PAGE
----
My sermon this morning (a little off lectionary because I was away last week) was about rejecting attempting to reject the pressures of society that tell us to have more, more, more in favor of seeing that we have enough. As that Wise Man put it, look at the birds and the flowers. They make it; they are beautiful. And if God cares about them and provides for them, what do we have to worry about? You can hear the sermon, Enough for Today (also entitled My iPhone, let me show you it) at my sermon archive.
Of course the truth is that we do worry about a great many things. Every time I pass a gas station I wonder how I’m going to afford the next $40 tank of gas, let alone the single parents in my congregation and the families in town whose kids get out of school (and away from those free lunches) in a couple weeks’ time. And we do stockpile lots of stuff we don’t need, from fancy clothes and big houses to my personal weaknesses, books, electronic gadgets and more books.
Does this worry make us more efficient? More prepared? Does the stuff make us happier? More secure? Better informed and able to communicate? In my sermon, I referenced Colin Beaven, No Impact Man, who discussed in a few recent posts the cravings for more weighed against the joys of focusing on importnat stuff like family and friends and finding deep meaning in life. I challenged my congregation to fast from something for a day or so this week– not as penance or cleansing or even to make the world a better place, but as a tool to reflect on what makes us happy. Are we happier without checking our email every five minutes? Without worrying about the price of gas? Without pumping caffeine in our bodies? (I don’t know about you, but I’m chronically guilty of all three of those!)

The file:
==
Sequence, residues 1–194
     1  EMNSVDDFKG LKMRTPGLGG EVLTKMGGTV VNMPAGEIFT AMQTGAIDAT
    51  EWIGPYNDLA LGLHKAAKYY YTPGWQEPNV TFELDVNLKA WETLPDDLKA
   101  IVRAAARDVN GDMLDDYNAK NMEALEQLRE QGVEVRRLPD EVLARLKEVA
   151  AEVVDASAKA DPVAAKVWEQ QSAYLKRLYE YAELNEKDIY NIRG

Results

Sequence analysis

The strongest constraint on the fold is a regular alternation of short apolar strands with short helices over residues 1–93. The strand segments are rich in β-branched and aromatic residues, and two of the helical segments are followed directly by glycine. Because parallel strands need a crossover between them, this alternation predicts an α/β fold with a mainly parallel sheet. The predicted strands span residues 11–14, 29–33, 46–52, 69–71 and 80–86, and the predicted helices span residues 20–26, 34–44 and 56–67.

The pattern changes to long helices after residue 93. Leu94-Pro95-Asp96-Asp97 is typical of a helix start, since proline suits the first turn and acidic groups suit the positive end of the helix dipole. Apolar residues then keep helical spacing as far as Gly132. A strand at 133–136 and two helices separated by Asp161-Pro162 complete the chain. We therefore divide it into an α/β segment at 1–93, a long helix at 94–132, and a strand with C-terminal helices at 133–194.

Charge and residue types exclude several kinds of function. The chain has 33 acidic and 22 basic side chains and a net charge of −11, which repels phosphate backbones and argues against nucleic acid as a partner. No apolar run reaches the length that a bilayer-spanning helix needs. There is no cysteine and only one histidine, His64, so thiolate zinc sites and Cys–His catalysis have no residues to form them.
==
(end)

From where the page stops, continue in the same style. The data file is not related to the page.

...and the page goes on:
I never issue a challenge to my congregation without being willing to answer it myself, so this week, I’m going to cut back on something– I’m not entirely sure yet which something it will be. I’m headed out of town for Annual Conference, so there’s a lot of work to be done up front– calls to make, online research to do, bulletins to print, long hours to burn– that makes it hard to swear off the internet or the iPhone or filling the gas tank or the coffee cup.
What about you? From what would you fast for a day or two? A practice? An item? A worry?
And speaking of worry, my husband is having a minor operation tomorrow afternoon, so I’m sure I’ll burn several hours considering the strengths and weaknesses of modern medicine rather than the clothing of the lilies of the field. Prayers of strength and courage will be appreciated! But that’s tomorrow, and for the next thirty five minutes at least, today’s troubles are enough for today.